Most people won’t argue that dieting requires a certain amount of willpower. But in a battle between willpower and pizza after a long day at work, willpower often gets its butt kicked. It’s nothing to shame yourself over—especially since your ability to pass on that pizza may be pre-determined by your brain, according to science.
Your Brain And Dieting
You see, your brain is made up of two different kinds of matter: gray matter, where most of your brain’s activity occurs, and white matter, which controls the nerve signals that travel up and down the spinal cord. According to a study recently published in the Journal of Neuroscience, people with more gray matter in the prefrontal cortex (the part of your brain just behind your forehead) may actually have more self-control when it comes to making healthy food choices.
“The prefrontal cortex is very generally involved in decision-making, with dietary decisions just being one of them,” explains study author Hilke Plassmann, Ph.D., Chaired Professor of Decision Neuroscience at INSEAD in France. “Other studies show this system is also important for decisions about which car to buy, which stock to invest in, which partner to date, and to which charity to donate to.”
Researchers looked at two specific parts of the prefrontal cortex that have been linked to self-control: the dorsolateral prefrontal cortex (dlPFC) and the ventromedial prefrontal cortex (vmPFC). Using MRI images, they studied how participants’ brains responded when they were asked to consider either the healthiness or taste of a certain food (like a yogurt or a cookie), or to just make a decision naturally, before rating how much they wanted to eat it. Those who gave healthier foods higher ratings were deemed to have stronger self-control, and the MRIs showed that those people had more gray matter in their prefrontal cortices.
Then, once again using MRI imaging, the researchers presented a second set of people with images of different foods, and told them to ‘distance’ themselves from the food, ‘indulge’ in it, or make decisions naturally before choosing how much they would pay to eat that food. Here, too, more gray matter was linked to more self-control.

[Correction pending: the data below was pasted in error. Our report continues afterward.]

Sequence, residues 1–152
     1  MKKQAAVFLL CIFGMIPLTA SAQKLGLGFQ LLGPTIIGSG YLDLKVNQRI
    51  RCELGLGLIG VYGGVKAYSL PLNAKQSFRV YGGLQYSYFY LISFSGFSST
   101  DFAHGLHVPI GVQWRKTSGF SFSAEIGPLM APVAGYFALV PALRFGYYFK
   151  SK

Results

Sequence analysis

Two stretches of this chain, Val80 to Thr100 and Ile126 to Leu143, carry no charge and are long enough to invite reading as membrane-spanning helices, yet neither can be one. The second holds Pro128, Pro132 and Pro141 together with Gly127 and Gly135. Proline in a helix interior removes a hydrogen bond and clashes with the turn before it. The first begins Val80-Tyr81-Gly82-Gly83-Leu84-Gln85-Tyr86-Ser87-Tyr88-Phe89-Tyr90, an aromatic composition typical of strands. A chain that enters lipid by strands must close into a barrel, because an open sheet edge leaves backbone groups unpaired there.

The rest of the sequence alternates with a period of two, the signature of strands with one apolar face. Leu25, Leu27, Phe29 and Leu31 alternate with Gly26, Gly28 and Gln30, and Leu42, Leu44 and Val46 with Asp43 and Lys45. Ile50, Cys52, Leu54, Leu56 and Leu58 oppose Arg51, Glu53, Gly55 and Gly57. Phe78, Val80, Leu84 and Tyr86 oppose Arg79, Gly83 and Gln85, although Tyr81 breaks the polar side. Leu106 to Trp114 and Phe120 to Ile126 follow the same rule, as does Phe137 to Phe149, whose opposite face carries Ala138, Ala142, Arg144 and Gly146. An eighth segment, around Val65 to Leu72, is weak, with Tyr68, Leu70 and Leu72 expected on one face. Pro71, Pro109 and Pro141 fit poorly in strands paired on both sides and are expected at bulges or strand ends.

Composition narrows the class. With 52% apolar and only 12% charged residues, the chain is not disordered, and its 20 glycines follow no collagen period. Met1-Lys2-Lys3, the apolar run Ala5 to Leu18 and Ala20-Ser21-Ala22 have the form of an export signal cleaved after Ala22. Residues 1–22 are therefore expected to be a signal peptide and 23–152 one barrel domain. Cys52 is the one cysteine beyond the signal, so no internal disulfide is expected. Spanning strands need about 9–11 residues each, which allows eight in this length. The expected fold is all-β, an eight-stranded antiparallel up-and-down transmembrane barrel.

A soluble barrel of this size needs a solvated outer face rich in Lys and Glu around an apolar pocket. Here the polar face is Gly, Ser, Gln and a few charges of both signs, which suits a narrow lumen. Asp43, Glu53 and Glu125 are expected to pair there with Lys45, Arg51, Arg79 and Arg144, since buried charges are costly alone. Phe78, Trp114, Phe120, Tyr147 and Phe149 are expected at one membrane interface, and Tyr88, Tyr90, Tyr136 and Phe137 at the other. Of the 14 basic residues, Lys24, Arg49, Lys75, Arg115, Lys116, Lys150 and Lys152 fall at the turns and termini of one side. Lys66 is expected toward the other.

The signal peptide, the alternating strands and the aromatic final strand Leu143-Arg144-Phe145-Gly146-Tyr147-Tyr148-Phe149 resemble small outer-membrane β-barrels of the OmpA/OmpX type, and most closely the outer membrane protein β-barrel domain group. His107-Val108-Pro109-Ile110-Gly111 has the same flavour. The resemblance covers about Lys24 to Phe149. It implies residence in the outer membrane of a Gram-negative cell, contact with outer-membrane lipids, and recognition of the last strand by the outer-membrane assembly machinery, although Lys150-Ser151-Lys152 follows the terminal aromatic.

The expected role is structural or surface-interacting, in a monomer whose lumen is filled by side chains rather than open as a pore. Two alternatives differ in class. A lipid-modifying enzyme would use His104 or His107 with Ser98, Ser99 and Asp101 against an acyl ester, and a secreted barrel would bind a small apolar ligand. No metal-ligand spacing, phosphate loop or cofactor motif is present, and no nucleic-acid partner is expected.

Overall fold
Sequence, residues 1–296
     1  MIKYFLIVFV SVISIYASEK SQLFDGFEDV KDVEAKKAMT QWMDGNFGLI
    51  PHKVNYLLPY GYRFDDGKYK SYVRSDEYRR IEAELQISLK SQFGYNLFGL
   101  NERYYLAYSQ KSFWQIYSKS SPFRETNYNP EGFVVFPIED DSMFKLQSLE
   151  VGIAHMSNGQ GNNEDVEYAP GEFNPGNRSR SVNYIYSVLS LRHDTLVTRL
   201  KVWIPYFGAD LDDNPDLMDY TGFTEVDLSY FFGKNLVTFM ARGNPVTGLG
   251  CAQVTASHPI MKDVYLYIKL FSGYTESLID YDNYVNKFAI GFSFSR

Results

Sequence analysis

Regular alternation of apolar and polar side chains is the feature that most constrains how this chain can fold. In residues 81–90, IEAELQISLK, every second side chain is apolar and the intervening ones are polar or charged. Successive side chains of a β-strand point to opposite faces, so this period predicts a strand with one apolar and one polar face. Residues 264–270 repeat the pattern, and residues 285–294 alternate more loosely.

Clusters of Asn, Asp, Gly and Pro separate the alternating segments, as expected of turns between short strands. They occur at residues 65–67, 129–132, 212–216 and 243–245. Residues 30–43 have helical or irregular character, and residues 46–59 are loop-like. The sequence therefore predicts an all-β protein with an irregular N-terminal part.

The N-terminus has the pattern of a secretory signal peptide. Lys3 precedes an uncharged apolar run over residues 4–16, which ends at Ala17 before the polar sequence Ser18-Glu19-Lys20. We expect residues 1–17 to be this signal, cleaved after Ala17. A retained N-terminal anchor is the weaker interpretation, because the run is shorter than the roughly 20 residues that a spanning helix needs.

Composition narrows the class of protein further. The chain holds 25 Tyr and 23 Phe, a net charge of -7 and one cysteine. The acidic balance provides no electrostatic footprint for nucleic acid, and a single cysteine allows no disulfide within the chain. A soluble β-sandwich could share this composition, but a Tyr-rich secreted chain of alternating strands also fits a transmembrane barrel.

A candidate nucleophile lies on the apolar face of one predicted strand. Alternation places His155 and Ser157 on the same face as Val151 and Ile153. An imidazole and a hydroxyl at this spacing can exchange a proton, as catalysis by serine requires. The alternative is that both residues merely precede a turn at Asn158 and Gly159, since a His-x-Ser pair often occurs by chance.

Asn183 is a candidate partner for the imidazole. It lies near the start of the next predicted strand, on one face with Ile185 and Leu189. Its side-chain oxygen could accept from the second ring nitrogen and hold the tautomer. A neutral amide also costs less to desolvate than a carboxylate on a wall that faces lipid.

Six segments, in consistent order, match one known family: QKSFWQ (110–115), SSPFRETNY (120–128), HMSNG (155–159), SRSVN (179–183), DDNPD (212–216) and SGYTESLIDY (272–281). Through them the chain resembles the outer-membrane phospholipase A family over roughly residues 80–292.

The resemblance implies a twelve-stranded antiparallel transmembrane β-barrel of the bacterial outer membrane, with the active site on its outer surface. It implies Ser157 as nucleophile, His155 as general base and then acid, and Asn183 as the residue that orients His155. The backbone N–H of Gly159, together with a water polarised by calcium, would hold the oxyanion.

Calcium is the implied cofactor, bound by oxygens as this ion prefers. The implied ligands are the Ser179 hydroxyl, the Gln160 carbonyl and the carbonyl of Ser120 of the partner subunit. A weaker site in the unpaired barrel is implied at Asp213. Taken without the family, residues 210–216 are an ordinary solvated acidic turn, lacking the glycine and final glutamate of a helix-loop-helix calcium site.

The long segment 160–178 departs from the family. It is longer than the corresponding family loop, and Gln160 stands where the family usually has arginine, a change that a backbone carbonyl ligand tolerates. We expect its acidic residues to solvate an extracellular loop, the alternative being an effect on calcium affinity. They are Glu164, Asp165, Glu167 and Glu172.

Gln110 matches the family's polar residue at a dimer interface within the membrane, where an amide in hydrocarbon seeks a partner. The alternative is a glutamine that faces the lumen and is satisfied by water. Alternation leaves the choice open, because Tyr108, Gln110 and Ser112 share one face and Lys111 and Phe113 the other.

While the study didn’t determine exactly the precise roles the dorsolateral prefrontal cortex and the ventromedial prefrontal cortex play in dietary decision making, other imaging studies suggest that the vmPFC is involved in our consideration of the information we use to determine how we value a food option overall (such as taste and healthiness), says Plassmann. The dlPFC, meanwhile, seems to be more involved in the actual implementation of self-control.
What That Means For You
We know what you’re wondering: Can you boost your self-control by increasing the amount of gray matter in those two prefrontal cortex areas? Maybe. “A new technique called ‘neurofeedback’ [a type of electronic therapy that uses visual and auditory cues to modulate brain activity and thus behavior] has been shown to alter gray matter volume, in some cases,” says Plassman. “Our findings suggest that if and when they are perfected, neurofeedback modalities targeting the vmPFC and dlPFC could potentially help people with self-control issues improve their eating habits. However, this question remains to be studied by future research, and our results only hint at this possibility.”
In the meantime, you can learn to exercise what nutritionist Alice Figueroa, R.D.N. calls “positive self-control” to establish and stick to a healthy diet. “Positive self-control requires us develop a nurturing relationship to food that is centered around three things,” she says. “First: self-regulation, which you can achieve by setting high-level goals like maintaining a healthy weight. Second: self-efficacy, or having confidence and optimism about your ability to reach your goals. And third: body appreciation, which should be self-explanatory!”